In that sense, the book under review complements the earlier book [DDMS] very nicely. In particular, part A of the book thoroughly discusses the analytic aspects of \(p\)-adic manifolds and \(p\)-adic Lie groups. This part, although it may be considered as well known, is put cohesively in textbook style for the first time; this will be very useful for anyone wishing to learn basic \(p\)-adic analysis. This material can possibly be culled out of Bourbaki and Serre’s texts but the advantage here is that, unlike the afore-mentioned pair of texts, the \(p\)-adic case alone is developed instead of having the real case running parallel to it. The author’s text on ‘Nonarchimedean functional analysis’ would also be useful to refer to alongside while reading part A here. One curious point is the use of certain prepositions – the author uses the phrases “the function is continuous in \(x\) or differentiable in \(x\)” while the normal usage is “the function is continuous at \(x\)” etc.!

In part B, the author exposes Lazard’s theory. For those unfamiliar with this subject, I might add that, among other things, Lazard has provided an algebraic approach to studying and characterizing \(p\)-adic analytic groups. For instance, (very) roughly, “a pro-\(p\) group of finite type is \(p\)-adic analytic if the subgroup topologically generated by \(p\)-th powers (\(4\)-th powers if \(p=2\)) of elements contains the commutator subgroup”. Although this assertion is elementary to state, the proof requires a lot of in-depth analysis and new techniques. Lazard had defined a group to be \(p\)-valuable if there is a ‘valuation’ with certain properties and this property proved crucial in obtaining the above-mentioned characterization of \(p\)-adic analyticity (thus answering the analogue of Hilbert’s 5th problem). In [DDMS], the authors did not talk about the notion of \(p\)-valuability but an equivalent notion of “uniformity”. In the present book, the author has followed Lazard’s notion of \(p\)-valuability and described in clear details Lazard’s proof. It is generally opined that Lazard’s paper is not easy to read; thus, this exposition in the book will be extremely useful.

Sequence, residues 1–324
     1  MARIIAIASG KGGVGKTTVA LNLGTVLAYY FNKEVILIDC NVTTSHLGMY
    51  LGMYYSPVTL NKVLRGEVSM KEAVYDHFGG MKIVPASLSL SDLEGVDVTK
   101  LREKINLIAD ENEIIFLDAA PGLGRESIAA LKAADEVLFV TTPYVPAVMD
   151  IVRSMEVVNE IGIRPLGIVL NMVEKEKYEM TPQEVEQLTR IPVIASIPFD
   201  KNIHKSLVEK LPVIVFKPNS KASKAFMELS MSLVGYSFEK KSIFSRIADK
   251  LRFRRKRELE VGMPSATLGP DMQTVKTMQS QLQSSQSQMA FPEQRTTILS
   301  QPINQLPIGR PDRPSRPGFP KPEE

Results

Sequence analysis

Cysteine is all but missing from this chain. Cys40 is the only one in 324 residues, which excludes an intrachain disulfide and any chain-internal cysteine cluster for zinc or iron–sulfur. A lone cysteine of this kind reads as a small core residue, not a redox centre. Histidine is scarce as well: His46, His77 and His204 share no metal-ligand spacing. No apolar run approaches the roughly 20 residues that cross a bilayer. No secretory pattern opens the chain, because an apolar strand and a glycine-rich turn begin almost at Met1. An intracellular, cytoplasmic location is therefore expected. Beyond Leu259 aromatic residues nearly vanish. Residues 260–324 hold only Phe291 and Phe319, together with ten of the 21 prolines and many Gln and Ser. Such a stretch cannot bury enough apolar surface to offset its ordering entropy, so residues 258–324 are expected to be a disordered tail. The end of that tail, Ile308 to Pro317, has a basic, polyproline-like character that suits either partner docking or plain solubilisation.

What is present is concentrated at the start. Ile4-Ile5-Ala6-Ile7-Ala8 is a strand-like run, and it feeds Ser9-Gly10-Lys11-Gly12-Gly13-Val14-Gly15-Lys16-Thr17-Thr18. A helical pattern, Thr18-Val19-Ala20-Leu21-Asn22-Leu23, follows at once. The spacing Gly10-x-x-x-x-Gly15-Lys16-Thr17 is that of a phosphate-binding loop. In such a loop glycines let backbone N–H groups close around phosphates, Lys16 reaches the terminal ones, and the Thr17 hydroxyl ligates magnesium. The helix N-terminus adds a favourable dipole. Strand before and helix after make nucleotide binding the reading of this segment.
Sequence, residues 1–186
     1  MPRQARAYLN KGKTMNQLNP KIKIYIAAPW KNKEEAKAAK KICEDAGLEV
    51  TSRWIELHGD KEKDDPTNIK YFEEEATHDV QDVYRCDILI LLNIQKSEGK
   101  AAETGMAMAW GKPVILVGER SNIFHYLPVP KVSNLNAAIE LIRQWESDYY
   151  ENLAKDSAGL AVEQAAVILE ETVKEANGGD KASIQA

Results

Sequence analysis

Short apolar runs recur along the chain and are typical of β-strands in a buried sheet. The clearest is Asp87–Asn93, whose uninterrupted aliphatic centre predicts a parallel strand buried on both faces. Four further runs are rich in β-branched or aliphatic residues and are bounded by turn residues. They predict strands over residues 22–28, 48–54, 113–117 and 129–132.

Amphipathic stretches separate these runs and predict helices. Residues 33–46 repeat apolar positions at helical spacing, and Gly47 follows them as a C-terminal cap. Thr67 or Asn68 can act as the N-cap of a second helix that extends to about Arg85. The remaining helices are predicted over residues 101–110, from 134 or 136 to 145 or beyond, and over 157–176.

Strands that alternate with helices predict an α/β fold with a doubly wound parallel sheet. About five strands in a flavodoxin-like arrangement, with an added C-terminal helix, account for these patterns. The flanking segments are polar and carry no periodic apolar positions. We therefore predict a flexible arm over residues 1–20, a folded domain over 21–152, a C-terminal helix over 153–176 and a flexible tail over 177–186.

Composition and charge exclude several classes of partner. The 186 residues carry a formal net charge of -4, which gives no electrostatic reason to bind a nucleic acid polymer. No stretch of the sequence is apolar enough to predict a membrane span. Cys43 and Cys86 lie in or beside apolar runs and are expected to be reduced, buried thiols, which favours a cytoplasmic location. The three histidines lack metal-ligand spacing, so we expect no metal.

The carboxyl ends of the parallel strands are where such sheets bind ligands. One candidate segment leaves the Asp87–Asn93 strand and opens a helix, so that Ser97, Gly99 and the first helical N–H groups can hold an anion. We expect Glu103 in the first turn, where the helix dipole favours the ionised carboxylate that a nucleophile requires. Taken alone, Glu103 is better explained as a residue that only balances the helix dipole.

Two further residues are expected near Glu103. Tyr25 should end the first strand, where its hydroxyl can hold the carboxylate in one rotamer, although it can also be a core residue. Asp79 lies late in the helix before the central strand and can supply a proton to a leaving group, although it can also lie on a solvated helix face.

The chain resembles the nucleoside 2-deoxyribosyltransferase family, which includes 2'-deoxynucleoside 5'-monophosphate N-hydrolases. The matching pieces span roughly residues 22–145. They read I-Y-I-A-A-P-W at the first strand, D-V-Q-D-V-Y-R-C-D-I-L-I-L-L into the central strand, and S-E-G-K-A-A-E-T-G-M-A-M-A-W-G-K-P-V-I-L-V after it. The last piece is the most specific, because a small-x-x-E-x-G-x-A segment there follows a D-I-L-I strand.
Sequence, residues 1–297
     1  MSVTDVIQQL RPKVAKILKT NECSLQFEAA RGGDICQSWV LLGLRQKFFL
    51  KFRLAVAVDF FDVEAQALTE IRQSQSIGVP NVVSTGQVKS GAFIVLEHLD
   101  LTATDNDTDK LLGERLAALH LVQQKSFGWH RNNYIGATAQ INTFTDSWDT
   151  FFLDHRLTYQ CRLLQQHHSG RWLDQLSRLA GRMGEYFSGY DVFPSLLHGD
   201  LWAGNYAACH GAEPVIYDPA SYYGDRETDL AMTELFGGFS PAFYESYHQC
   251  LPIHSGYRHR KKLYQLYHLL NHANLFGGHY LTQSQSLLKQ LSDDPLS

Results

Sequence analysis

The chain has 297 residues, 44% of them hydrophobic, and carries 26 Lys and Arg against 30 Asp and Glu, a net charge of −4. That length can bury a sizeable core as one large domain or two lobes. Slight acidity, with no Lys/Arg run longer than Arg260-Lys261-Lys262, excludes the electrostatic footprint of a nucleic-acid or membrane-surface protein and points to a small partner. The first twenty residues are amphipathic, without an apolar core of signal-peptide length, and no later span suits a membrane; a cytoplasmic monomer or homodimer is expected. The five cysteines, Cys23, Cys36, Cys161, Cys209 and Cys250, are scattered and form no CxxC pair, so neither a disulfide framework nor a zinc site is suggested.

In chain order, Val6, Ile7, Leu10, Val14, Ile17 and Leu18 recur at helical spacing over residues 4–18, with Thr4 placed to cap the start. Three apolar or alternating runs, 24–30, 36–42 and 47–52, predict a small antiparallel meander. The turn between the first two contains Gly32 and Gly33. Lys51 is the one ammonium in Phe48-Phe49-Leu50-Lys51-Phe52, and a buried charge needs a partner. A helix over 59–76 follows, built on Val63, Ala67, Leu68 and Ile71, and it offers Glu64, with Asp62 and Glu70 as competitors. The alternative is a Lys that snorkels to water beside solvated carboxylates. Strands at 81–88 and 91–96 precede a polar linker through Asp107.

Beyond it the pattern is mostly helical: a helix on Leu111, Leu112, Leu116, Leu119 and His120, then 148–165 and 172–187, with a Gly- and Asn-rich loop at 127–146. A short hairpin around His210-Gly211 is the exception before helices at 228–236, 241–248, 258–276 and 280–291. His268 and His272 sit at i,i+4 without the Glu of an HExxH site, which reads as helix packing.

Some of the nice aspects of this (essentially self-contained) book are:

- (i)
- Although \(p\)-adically, a paracompact manifold is topologically a disjoint union of charts, this geometric language is nevertheless persisted with as it is quite intuitive.
- (ii)
- The following refined version proved in the book is pretty useful: any \(p\)-valuable group has a \(p\)-valuation with values in \((1/n) \mathbb{Z}\) for some \(n\).
- (iii)
- Using (ii) above, it is proved that the completed group ring of a pro-\(p\) group of finite rank is Noetherian, regular, of finite global dimension.

It is not possible in a book of this size to include the important Chapter V of Lazard which discusses cohomology of profinite groups. However, a reference to the book on “Profinite groups” by L. Ribes and P. Zalesskii [Profinite groups. Berlin: Springer (2000; Zbl 0949.20017), 2nd ed. (2010; Zbl 1197.20022)] which discusses those aspects could have been made. Also, the linearity of \(p\)-valuable groups could have been mentioned explicitly.

All in all, this clearly written book by Schneider will be very useful for some years to come, to all those interested in learning the basic theory of \(p\)-adic groups or about the completed group ring of a \(p\)-adic group with number theoretical applications in mind.

Reviewer: Balasubramanian Sury (Bangalore)